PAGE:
Tips for preparing an appeal effectively
- Gather evidence: Gather as much evidence as possible to support your appeal. This can include medical records, witness statements, and any other documentation that may be relevant to your case.
- Be prepared to explain your behavior: If the results were based on your attitude during the test, be prepared to explain it. This can include providing information about any medical conditions or medications that may have affected you.
- Address any procedural errors: If there were any procedural violations during the test, such as improper administration, this can be used as a ground for appeal.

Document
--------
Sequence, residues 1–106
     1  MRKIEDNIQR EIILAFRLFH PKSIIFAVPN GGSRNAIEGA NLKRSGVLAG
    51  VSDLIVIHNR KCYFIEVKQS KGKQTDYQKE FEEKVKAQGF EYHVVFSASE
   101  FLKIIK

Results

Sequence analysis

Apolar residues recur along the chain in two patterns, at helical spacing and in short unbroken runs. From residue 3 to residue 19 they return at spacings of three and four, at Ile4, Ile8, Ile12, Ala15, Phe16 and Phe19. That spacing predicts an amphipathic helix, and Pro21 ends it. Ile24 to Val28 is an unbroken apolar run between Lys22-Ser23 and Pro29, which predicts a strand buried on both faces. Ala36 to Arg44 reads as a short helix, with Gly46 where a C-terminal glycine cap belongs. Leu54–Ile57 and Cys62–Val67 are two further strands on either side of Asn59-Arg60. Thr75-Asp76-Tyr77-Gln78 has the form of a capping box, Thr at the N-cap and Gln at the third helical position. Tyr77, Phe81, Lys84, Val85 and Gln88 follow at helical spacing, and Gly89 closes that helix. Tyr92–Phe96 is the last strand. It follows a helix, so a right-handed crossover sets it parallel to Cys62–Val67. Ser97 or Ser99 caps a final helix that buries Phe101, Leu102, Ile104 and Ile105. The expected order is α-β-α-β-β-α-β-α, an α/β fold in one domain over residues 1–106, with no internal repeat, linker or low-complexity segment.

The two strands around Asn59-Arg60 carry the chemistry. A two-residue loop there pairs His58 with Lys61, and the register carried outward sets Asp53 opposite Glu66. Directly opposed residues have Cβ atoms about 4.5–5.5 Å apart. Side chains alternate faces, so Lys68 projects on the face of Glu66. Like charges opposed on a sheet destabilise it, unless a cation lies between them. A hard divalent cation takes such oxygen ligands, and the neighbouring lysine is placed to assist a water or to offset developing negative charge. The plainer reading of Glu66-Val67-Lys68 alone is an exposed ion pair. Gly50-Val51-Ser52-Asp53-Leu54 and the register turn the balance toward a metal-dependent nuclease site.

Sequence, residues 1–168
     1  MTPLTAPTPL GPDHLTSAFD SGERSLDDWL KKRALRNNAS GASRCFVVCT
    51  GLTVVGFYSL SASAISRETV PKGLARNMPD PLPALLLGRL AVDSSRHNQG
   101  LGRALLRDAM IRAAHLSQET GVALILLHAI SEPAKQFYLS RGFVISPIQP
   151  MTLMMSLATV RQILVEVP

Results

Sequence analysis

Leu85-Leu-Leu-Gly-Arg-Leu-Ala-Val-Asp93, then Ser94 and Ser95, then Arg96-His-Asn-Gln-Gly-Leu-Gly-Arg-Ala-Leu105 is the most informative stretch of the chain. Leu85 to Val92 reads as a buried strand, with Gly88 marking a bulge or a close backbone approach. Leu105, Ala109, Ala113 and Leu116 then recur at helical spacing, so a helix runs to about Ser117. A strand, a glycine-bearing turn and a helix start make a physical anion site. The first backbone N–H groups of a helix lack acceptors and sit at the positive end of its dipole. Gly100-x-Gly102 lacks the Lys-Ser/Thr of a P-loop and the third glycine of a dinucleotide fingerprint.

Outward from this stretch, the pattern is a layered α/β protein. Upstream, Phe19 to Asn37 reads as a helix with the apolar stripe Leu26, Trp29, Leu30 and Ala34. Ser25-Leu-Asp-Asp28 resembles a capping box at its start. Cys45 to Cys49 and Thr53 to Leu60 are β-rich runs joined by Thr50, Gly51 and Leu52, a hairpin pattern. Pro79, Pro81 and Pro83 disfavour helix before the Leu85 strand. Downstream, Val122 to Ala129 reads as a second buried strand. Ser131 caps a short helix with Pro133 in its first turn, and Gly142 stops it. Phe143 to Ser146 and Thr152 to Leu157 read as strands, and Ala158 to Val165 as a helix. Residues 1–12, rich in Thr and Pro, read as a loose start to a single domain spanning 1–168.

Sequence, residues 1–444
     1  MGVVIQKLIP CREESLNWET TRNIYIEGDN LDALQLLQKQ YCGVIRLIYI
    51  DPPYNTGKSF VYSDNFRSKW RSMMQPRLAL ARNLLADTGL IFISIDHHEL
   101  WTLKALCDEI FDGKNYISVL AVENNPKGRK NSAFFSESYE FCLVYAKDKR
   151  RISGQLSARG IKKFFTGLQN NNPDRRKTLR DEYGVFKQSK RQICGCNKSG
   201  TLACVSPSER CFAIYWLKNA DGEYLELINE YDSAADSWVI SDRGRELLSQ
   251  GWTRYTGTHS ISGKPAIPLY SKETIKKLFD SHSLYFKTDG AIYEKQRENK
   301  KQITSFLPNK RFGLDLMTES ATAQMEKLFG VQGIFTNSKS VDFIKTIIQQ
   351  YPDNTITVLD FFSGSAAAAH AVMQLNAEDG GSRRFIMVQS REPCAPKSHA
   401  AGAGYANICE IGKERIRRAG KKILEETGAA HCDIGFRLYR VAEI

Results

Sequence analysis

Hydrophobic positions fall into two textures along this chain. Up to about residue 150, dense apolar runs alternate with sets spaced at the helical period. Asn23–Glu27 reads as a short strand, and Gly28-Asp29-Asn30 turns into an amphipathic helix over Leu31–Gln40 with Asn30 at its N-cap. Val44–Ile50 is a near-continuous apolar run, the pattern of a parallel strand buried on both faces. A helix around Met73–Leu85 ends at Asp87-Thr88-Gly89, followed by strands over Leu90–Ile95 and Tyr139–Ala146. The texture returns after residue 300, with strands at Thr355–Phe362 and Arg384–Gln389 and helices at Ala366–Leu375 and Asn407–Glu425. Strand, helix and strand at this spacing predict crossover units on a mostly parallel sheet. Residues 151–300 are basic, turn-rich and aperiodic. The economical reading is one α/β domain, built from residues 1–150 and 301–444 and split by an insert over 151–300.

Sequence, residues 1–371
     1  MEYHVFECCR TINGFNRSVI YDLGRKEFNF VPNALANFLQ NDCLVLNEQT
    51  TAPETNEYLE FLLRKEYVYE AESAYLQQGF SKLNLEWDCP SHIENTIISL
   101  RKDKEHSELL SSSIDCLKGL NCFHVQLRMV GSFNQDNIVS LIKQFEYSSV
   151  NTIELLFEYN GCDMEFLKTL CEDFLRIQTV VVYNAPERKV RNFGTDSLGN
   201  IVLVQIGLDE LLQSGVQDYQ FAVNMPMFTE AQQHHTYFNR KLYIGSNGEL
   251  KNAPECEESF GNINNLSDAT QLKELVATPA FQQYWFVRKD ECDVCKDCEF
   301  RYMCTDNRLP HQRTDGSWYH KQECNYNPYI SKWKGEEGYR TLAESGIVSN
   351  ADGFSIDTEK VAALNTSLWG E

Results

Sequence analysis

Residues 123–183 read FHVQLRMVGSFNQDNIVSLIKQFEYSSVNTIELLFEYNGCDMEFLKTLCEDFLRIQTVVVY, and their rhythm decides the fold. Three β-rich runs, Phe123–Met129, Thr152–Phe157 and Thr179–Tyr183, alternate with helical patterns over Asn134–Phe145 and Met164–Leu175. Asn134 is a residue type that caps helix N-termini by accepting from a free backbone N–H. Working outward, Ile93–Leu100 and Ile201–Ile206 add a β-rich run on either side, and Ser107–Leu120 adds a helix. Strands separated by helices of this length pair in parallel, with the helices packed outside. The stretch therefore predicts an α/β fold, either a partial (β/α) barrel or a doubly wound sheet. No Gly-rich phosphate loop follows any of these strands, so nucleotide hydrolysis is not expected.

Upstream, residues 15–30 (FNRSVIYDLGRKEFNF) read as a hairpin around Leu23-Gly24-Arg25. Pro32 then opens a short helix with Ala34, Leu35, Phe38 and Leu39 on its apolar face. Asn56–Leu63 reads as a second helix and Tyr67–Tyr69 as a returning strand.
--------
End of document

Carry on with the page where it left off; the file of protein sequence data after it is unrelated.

- Be specific: When preparing your letter, be specific about the grounds for appeal and the evidence that supports it.
- Be respectful: Even if you disagree with the results, be respectful and professional. This will help you build credibility and increase your chances of a successful appeal.
- Follow up: After presenting your case, make sure to follow up to find out the status of your appeal. This will help you stay updated and prepared for the next steps in the process.
By following these and preparing your case effectively, you can increase your chances of a successful appeal.
Can a failed polygraph test be used as evidence in court?
In the United States, each state has its own rules about whether or not polygraph results can be used in court. In general, failed tests are not admissible in criminal trials, but may be admissible in certain civil cases or administrative proceedings.